This article was written in 1990, in the middle of a severe recession. It’s message is universal . . .
The current uncertain economic circumstances are polarising the business community into two distinct groups — there are those who are suffering a potentially terminal downturn in trade and are adopting a pessimistic and somewhat resigned attitude to their troubles; and there are those who see that even though things are not good in traditional markets, opportunities exist which can be exploited.
Two particular opportunities come immediately to mind. The first is the chance to grab business that has traditionally belonged to others because of long standing customer loyalty. Bad times bring out the pragmatic and sometimes ruthless side of most people. When money is tight loyalty goes out the window. Business managers who are faced with cash flow problems critically examine all their expenses to see if there are any potential gains in either quality, service or value to be had.
It is unfortunate that it is easy to take a long standing customer for granted and not deliver the same degree of performance as you would if you were trying to win a new one. Take food supply contracts as a perfect example; how often in this industry do you see premium produce trotted out for the first few weeks, then a slow deterioration in quality from then on?
The same occurs with service based businesses. I know from my own experience that I tend to get the worst service from the businesses where I am good friends with the owner and am regarded as part of the furniture.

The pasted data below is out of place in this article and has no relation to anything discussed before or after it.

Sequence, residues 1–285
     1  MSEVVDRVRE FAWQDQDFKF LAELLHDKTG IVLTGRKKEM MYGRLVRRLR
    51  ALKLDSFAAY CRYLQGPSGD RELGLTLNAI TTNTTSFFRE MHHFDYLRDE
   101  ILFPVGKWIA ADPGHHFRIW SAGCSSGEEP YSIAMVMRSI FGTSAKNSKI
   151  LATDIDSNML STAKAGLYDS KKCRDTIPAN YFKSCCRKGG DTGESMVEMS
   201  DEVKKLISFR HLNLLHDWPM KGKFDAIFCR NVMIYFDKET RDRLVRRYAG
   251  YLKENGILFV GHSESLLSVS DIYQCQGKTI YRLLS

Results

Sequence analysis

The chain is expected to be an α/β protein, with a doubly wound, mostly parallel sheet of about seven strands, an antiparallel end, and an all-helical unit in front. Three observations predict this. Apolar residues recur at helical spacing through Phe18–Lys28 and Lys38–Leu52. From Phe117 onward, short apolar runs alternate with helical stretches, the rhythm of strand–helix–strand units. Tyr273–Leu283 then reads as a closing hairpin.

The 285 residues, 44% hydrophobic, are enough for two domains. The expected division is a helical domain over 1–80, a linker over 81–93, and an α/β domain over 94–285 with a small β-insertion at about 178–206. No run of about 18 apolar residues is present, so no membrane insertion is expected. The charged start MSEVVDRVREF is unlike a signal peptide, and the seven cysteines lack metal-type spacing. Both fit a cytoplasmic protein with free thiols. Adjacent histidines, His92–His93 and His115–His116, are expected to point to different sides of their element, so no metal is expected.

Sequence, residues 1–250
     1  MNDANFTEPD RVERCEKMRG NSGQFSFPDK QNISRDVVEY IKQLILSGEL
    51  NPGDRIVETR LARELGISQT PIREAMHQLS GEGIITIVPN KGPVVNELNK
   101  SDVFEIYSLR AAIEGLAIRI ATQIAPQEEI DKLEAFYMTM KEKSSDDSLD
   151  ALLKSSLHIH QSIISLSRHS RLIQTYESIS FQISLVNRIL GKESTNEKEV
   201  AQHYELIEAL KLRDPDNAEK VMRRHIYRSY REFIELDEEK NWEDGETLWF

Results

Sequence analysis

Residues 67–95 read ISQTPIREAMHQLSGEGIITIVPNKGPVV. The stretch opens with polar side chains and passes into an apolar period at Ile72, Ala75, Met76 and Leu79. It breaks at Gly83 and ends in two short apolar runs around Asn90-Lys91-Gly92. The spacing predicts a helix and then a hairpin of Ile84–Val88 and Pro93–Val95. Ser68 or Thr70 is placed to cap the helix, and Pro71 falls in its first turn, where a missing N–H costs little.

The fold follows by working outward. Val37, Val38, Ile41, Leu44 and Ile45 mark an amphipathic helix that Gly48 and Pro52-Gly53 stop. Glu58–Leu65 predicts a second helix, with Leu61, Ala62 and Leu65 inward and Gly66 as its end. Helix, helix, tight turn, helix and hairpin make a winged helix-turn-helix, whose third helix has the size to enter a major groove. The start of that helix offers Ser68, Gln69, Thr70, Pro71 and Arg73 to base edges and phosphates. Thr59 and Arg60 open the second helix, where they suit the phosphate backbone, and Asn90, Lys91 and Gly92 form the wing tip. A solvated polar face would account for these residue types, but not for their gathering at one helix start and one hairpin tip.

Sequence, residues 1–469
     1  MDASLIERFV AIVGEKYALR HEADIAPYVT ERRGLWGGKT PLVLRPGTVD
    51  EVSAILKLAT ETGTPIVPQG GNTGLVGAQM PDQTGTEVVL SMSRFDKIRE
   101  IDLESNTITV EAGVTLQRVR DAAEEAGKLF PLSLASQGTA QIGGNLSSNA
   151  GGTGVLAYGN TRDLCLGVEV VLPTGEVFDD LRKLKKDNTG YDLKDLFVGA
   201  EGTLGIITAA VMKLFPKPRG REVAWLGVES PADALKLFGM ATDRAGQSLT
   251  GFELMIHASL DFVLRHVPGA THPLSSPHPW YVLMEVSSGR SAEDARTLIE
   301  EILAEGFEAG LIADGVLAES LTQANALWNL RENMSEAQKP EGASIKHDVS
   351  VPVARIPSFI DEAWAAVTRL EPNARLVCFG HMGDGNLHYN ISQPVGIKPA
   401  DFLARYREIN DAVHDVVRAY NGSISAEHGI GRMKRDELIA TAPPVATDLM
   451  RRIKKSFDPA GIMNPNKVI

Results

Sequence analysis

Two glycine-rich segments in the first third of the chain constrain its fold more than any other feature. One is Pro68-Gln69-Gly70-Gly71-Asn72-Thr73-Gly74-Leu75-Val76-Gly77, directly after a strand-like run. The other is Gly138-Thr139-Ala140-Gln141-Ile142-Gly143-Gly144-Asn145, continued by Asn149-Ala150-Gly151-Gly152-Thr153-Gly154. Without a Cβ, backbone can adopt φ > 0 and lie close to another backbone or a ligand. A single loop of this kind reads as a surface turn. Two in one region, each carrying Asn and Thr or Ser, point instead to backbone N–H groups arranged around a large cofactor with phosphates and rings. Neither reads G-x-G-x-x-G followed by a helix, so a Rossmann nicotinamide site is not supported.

Some of my clients have commented on the ease with which they have recently wrested important new customers from old adversaries. In one case, a client had being trying to win a particular supply contract for four years — with a spectacular lack of success in spite of many approaches. He got desperate and tried again, and was quite surprised at the different response. Today is a whole new ball game; past assumptions are not valid at the moment.
The second opportunity comes with your own staff. They are likely to be well aware of such influential matters as rising unemployment and business failures, and be ready to re-negotiate old values. Good times tend to make people intractable. If they think the boss is doing all right they consider their performance to be adequate. When times are obviously bad staff tend to opt for the security of the job they currently hold, and are often prepared to give more in circumstances where they were previously intractable.
I have found that staff are quick to grasp the ramifications of the laws of supply and demand in a shrinking market. They can appreciate that if there are substantially more available seats than customers, somebody has to lose. They can also appreciate that the loser will usually be the one who gives the poorest value for money.
Better quality, service and productivity can be achieved more easily now than in my working memory. I guess it is the difference between being seen to be greedy by demanding more in the good times, or battling for survival by demanding more in the bad times.
Talk to your people, ask for their ideas, seek their help. Go out and grab all the new business you can find. If your marketing isn’t working — DO SOMETHING ELSE! Bad times sort the true leaders from the pretenders; the pretenders go out of business.